Common milkweed was growing along the waterway. Each stand with purple clusters of flowers was populated by healthy, strong Monarchs. The common milkweed (Asclepias syriaca) grows extensively in the Tallgrass Prairie of northern Oklahoma and seems to be quite happy in Tulsa. It is a late bloomer, August through October, which gives the southward winging Monarchs a boost of energy on their way to Mexico. The orange Butterfly milkweed (Asclepias tuberosa) comes into flower in May and our earliest bloomer in central and eastern Oklahoma, the prairie Green Antelope Horn (Asclepias viridis) attracts the earliest spring generation of Monarchs fluttering northward out of Mexico. In between are 23 other species that may grow only in one county or practically across the entire state.

Last weekend I was in southwest Oklahoma observing Monarchs. This weekend my travels took me to northeast Oklahoma to The Gathering Place in Tulsa. I certainly did not expect to see dozens of Monarchs, yet here they were, monopolizing the milkweed. People of all ages were zeroing in on the butterflies, taking one picture after another. The milkweed had been planted alongside the large pond fed by canals of water that course throughout part of this spanking brand-new park.

The Gathering Place just opened September 8th 2018. This is an atypical people park landscaped with hills, valleys, streams and paths all nestled within native plants and trees. The unusual park, spread over about 100 acres by the Arkansas River, took four years to construct at a cost of $465 million. Money was donated mainly by the Kaiser Family Foundation and a multitude of local companies. Before you roll your eyes skyward, go see this place. It has theme areas such as children’s sections—Fairyland Forest, Skywalk Forest with zip line, Mist Mountain, etc. Teenage and adult areas include Williams Lodge (an eclectic arrangement of stained vertically stacked wood, wood furniture, fireplaces and numerous sitting places), the OneOK Boat House with rental canoes, walking paths (many weaving through fifteen foot tall stacks of thick sandstone rocks), sports courts and bicycle lanes. The highest part of the garden, Swing Hill, actually towers 60 feet above the Arkansas River.

This imaginative park has already become a people…and Monarch…magnet. Undulating prairie is how I would describe its foundation. Prairies once dominated the central United States. These ecosystems experience less rain, hotter summers and colder winters. Deep prairie soils have abundant organic matter that encourage extensive root development of many grasses that thrive in full sun.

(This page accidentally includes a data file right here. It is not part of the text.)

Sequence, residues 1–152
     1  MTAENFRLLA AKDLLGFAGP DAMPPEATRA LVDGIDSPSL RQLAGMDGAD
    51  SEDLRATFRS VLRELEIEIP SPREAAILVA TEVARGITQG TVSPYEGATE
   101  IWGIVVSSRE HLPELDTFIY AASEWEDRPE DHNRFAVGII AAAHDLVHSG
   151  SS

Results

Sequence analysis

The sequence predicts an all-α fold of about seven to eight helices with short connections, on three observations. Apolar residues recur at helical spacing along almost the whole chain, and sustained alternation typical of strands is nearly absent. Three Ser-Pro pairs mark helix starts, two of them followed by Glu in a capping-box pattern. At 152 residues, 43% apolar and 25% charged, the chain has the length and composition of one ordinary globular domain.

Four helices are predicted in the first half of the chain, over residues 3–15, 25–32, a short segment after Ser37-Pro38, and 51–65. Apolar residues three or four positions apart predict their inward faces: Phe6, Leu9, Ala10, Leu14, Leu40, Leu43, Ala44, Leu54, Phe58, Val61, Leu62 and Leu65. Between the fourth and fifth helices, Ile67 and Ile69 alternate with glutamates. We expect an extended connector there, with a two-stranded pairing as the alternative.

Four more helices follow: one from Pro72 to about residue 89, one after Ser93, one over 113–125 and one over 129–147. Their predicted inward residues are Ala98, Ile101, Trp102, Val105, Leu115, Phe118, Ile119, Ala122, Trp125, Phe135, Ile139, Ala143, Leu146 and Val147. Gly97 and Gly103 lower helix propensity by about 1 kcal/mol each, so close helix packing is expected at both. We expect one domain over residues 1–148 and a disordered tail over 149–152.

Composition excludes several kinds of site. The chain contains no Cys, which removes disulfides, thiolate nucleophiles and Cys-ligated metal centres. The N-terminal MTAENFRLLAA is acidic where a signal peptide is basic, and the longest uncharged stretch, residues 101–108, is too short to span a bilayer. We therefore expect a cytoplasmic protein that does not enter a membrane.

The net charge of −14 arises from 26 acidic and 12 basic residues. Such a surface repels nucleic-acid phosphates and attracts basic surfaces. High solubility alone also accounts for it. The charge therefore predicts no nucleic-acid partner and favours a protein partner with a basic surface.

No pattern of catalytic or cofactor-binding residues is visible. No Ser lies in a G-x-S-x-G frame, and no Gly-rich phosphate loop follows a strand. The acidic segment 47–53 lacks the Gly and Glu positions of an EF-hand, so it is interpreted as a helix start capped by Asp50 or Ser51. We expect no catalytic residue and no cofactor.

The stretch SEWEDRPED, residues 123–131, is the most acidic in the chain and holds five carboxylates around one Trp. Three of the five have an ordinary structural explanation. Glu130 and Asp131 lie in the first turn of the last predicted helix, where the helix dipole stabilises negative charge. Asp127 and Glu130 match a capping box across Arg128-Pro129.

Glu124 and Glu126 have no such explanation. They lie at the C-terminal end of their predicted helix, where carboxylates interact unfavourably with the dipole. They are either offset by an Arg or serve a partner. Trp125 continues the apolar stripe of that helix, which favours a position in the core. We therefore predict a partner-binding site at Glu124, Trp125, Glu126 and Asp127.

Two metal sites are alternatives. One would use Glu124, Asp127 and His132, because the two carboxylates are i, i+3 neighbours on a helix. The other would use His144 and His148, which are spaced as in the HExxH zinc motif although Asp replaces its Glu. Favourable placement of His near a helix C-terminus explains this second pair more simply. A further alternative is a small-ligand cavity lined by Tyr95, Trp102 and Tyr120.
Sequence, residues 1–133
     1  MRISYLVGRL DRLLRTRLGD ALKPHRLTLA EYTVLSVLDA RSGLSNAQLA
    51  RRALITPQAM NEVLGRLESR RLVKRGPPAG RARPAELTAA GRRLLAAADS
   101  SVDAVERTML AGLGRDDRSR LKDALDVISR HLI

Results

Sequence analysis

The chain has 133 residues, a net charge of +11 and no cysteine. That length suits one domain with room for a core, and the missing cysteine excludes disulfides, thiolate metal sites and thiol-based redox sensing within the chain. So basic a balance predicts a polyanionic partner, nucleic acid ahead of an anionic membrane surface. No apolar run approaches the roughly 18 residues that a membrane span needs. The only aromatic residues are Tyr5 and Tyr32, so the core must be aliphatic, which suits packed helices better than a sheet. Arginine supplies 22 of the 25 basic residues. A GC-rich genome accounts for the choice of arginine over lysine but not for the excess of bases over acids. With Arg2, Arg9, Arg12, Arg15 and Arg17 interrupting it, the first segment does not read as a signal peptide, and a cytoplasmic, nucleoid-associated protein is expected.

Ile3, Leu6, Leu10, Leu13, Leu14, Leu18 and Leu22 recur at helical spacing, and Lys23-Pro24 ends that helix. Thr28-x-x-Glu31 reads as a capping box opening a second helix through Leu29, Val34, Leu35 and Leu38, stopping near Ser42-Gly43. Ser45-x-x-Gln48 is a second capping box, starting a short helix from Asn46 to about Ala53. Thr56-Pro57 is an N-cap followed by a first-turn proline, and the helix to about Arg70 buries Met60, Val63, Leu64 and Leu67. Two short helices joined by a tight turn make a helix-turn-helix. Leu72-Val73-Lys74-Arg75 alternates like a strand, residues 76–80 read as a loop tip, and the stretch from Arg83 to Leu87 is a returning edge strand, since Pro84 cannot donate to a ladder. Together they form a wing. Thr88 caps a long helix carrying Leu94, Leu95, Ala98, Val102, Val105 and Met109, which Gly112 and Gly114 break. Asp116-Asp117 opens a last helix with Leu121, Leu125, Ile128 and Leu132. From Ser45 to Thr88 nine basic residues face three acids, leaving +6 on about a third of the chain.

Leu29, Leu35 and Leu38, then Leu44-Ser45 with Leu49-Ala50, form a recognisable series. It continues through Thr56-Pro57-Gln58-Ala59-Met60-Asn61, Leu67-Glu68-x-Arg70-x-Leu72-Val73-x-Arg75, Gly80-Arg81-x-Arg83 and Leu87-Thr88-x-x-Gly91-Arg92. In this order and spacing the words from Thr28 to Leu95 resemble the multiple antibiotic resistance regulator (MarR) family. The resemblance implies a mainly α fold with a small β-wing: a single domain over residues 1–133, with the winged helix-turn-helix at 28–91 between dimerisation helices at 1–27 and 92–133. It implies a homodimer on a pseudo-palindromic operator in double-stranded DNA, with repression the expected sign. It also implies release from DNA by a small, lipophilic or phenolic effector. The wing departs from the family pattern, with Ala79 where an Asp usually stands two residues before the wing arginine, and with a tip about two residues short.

The Gathering Place Prairieland is in autumn mode and beginning to shut down for the winter. Some of the grasses may look untidy, but offer protected areas for overwintering insects and pupae, cover for wildlife and a reservoir for the storage of next spring’s seeds. The common milkweed, asters, Indian Blanket and other native wildflowers add a continuous spectrum of color.

Common milkweed is one of the few milkweeds easily grown from seed. The perennial is drought tolerant. The pinkish purple flowers have a sweet scent attractive to hummingbirds, moths, butterflies and other insects. Although I have seen it over 6 feet tall, it usually levels off at 2 to 3 feet in height. Plant with grasses and other wildflowers to control its ‘conquer the world’ tendency. FYI, Common milkweed can cross with the western American Showy milkweed (Asclepias speciosa).

Milkweed stems have strong fibers which can be twisted together to form string and cord. Use dried stems after the plant has died back. Milkweed species produce cardiac glycosides, resinoids and alkaloids. Even so, young milkweed shoots, stems, flower buds, and seeds were used in medicinal preparations by indigenous groups of eastern and mid-western America.

Monarchs take advantage of the cardiac glycosides which are taken up by the caterpillars as they munch their way through milkweed. The nasty taste is reinforced if the adults can nectar at milkweeds as well. As a matter of fact, once the common milkweed goes down for the winter, break the stalks off at the ground. This encourages resprouting the next spring. Common milkweed can also be divided by harvesting the rhizomes and cutting into pieces—each with a bud. Plant in late fall so the milkweeds can develop roots to carry them through the winter. First year cuttings need some tender loving care (water), but by the second year can survive just fine (usually). Seedlings and cuttings both bloom second year, but cuttings have been known to bloom during their first year.

Monarch butterflies are not a creation of man. They are part of something so much larger it is unfathomable. Why not make a wildscape garden for next spring. The pure beauty of life is found in nature.